Axial - Observations #3
Life sciences reflections
Every Friday morning (only if there is something unique to write about) a set of ideas and observations from a week’s worth of work analyzing businesses and technologies.
Payment models for diagnostics
Molecular diagnostics especially companion tests have been improving rapidly; however, their ability to get reimbursed has been lagging. Moreover, doing long-term economic/health benefit studies for each new test is prohibitive. This is a main reason why Foundation Medicine is such an incredible case study because they figured out how to design a business model to buck the trend. A recent article out of ASCO - https://ascopubs.org/doi/10.1200/PO.19.00210 - explores new payment models and proposes their own where networks guarantee payments for new diagnostic tests regardless of market uptake. The research is a good starting point but probably not practical for every disease - a top-down distortion often leads to large negative outcomes in markets. Usually, bottom-up incentive changes get closer to the right solution.
Diagnostics are incredibly important to guide treatments for patients and help prevent adverse events. Few healthcare networks have really figured out how to become truly outcomes-based and thereby probably reward these tests. There are three issues that need to be addressed and if one network can solve it, healthcare payments are a monkey see, monkey do type of industry so change should come about rapidly:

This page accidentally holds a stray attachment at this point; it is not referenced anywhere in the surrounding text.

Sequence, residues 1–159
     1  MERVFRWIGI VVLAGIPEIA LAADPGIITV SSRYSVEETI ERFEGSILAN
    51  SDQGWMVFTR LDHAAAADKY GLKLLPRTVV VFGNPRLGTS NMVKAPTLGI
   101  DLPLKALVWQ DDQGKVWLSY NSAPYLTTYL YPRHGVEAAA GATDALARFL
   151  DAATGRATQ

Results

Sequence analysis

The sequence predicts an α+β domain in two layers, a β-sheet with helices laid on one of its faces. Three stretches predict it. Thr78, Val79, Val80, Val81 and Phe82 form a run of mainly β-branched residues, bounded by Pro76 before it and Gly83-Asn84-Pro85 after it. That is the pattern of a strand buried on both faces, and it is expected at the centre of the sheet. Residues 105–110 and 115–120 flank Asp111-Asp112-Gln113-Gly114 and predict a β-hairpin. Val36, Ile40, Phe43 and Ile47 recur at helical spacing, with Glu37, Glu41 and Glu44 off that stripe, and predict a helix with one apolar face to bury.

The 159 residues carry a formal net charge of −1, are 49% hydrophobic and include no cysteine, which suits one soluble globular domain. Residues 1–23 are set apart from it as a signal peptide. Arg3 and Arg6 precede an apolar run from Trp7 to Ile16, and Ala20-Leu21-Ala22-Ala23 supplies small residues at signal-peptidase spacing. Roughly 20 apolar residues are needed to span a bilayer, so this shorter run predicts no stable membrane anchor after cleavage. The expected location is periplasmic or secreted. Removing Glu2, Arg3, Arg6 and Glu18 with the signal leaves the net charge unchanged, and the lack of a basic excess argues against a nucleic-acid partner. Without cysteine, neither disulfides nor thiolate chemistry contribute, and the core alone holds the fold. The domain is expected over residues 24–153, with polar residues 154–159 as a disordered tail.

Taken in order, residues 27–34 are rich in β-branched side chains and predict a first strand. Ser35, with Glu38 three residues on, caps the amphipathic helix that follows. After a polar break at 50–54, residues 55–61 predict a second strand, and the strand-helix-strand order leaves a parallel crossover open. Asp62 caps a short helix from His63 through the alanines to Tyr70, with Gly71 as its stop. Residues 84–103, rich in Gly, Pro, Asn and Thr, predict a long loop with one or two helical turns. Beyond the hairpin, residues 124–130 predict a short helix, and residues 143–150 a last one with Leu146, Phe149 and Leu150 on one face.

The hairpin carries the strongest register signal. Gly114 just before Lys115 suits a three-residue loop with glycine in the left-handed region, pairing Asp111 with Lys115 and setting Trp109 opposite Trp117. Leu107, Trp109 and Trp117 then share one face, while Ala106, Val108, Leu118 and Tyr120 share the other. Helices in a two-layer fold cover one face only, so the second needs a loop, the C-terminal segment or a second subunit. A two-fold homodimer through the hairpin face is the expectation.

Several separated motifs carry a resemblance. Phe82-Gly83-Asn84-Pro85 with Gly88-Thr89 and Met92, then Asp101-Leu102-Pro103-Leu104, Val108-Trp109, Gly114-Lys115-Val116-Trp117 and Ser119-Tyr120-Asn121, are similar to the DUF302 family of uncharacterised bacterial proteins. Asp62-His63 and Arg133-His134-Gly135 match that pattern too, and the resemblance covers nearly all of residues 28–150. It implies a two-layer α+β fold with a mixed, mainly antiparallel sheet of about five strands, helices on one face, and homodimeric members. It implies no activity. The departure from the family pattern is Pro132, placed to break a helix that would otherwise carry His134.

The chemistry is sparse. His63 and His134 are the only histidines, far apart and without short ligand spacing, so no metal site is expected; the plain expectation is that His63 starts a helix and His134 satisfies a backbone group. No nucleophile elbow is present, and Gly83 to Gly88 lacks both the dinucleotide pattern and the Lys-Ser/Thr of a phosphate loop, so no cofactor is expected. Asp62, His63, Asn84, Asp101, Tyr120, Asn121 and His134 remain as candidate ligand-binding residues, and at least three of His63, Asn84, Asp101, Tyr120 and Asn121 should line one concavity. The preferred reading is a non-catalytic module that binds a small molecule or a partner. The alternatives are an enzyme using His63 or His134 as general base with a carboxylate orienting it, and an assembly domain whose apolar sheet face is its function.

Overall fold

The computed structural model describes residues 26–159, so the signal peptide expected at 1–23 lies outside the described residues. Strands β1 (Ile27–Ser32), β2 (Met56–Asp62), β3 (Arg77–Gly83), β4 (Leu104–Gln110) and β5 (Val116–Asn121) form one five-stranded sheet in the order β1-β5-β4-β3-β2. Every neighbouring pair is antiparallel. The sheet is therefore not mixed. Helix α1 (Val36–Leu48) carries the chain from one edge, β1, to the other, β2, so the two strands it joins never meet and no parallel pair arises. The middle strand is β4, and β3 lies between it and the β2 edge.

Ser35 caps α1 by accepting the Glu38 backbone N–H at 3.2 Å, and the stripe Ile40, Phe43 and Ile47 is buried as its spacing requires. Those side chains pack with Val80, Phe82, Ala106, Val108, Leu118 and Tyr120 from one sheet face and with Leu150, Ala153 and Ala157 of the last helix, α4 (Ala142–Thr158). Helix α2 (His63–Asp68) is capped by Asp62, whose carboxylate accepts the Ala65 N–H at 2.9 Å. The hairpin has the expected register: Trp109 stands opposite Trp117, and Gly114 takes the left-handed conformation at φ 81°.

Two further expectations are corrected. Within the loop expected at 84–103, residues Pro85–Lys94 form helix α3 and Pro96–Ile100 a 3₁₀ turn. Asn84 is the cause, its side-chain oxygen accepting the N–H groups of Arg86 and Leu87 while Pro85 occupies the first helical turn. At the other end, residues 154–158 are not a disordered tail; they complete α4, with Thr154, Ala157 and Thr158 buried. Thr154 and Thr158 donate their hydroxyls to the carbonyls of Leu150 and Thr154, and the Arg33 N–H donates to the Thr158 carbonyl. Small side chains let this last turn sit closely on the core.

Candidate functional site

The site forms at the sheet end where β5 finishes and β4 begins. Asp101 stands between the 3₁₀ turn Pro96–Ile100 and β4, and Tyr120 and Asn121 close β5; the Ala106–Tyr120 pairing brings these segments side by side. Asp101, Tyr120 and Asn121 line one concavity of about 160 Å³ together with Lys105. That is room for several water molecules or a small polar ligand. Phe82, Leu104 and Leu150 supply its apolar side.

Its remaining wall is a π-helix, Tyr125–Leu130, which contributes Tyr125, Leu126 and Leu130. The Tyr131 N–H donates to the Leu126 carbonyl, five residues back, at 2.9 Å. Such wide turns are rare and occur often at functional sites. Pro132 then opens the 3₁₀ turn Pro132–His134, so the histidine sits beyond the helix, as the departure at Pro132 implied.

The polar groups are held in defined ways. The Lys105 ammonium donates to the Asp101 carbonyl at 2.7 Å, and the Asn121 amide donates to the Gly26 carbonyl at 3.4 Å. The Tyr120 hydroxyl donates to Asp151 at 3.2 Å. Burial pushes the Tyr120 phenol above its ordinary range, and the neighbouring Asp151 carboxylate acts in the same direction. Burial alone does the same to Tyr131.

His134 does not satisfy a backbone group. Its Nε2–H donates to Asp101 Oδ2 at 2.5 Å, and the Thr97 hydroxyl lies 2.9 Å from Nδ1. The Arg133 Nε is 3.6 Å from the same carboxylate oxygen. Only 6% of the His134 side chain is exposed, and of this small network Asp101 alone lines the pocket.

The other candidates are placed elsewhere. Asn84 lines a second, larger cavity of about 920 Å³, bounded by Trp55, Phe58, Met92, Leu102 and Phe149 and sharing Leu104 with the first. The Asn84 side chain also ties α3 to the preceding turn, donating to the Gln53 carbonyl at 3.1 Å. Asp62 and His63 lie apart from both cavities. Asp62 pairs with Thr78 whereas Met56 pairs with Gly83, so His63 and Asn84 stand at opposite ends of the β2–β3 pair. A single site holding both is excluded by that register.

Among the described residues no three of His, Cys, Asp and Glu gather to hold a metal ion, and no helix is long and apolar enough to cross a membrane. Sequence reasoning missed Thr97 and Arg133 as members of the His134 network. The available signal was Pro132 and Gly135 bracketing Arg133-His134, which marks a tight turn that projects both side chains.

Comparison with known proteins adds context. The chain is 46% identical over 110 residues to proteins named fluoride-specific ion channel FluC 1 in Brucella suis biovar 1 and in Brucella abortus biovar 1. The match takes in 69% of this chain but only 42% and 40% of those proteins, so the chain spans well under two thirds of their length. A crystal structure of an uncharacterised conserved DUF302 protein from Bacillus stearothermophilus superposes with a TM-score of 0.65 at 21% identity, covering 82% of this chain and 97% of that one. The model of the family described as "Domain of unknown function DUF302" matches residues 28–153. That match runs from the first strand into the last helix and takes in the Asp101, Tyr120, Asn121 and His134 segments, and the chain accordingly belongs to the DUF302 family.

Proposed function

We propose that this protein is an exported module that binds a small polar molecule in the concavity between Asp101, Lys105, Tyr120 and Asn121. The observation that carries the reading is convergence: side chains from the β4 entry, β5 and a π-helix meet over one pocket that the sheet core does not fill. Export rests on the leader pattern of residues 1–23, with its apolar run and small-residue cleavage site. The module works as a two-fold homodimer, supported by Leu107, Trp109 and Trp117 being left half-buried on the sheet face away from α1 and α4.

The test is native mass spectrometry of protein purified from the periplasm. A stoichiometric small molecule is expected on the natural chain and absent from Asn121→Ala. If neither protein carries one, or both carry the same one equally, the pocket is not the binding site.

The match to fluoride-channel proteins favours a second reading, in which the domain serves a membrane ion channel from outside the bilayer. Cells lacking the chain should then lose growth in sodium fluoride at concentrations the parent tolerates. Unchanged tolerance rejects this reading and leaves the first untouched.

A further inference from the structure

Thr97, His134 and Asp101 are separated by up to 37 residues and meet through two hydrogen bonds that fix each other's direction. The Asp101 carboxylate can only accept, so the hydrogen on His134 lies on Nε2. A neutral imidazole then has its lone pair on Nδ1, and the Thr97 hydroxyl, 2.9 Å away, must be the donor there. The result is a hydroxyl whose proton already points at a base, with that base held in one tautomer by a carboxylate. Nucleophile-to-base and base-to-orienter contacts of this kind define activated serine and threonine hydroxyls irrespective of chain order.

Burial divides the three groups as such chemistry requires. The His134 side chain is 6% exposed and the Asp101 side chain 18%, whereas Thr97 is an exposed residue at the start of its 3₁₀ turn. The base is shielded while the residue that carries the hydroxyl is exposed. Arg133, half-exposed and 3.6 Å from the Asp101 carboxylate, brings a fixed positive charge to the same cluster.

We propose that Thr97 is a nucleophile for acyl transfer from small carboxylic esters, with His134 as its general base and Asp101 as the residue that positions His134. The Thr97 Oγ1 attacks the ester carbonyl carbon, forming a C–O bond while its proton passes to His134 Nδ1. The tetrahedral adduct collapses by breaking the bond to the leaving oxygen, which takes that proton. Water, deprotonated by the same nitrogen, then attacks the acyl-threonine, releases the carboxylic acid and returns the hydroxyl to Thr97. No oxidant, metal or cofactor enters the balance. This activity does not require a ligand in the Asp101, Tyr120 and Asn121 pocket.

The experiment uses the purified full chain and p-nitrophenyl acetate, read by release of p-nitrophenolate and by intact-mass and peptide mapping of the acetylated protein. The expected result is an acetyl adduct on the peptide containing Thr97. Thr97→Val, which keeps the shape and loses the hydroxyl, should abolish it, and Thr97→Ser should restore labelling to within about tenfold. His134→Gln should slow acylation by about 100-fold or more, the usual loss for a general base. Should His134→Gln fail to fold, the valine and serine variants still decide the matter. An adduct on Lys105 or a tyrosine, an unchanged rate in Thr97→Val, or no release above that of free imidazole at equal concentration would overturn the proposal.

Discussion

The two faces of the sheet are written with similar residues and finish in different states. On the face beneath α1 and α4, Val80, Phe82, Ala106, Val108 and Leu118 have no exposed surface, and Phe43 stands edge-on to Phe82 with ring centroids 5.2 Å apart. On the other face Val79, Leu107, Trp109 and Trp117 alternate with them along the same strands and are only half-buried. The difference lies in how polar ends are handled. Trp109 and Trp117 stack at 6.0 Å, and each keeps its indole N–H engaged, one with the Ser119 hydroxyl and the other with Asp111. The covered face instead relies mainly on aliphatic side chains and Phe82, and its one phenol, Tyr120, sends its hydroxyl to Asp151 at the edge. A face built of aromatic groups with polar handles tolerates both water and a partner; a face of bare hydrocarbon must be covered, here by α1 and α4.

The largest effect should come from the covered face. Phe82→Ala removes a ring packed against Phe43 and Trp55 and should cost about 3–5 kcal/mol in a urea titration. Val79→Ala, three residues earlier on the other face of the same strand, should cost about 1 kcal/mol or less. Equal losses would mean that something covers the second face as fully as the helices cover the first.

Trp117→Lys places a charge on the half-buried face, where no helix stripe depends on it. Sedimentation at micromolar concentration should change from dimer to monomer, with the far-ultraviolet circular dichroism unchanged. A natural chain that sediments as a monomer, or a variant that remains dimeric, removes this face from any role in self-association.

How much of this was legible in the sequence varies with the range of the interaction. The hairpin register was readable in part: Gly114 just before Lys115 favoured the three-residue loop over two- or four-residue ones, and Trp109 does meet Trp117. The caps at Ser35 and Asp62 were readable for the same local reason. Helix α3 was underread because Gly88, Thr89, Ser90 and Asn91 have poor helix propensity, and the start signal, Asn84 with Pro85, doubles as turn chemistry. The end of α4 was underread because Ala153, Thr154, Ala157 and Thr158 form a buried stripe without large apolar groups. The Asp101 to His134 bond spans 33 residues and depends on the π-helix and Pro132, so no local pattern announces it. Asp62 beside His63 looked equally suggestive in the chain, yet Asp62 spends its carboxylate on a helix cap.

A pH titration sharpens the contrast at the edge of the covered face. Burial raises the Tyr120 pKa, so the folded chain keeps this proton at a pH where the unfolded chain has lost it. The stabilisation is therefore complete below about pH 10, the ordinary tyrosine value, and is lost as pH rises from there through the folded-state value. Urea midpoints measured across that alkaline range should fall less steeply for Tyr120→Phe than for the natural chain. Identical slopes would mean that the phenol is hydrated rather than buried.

Portability of coverage across various private plans - this would enable treatment plans to remain consistent
Coupling reimbursement of diagnostic tests to clinical data and following through on the potential payments to incentivize diagnostic companies to build out robust utility packages for clinicians and payors.
Deployment of different types of payment plans - population-level type of coverage for tests and risk-sharing between diagnostic companies and payors.
As the shift toward fee-for-value is occurring especially for private plans, payments for diagnostics will become more reliable as long as they lead to better outcomes for patients and overall populations.
Genetic circuits and computing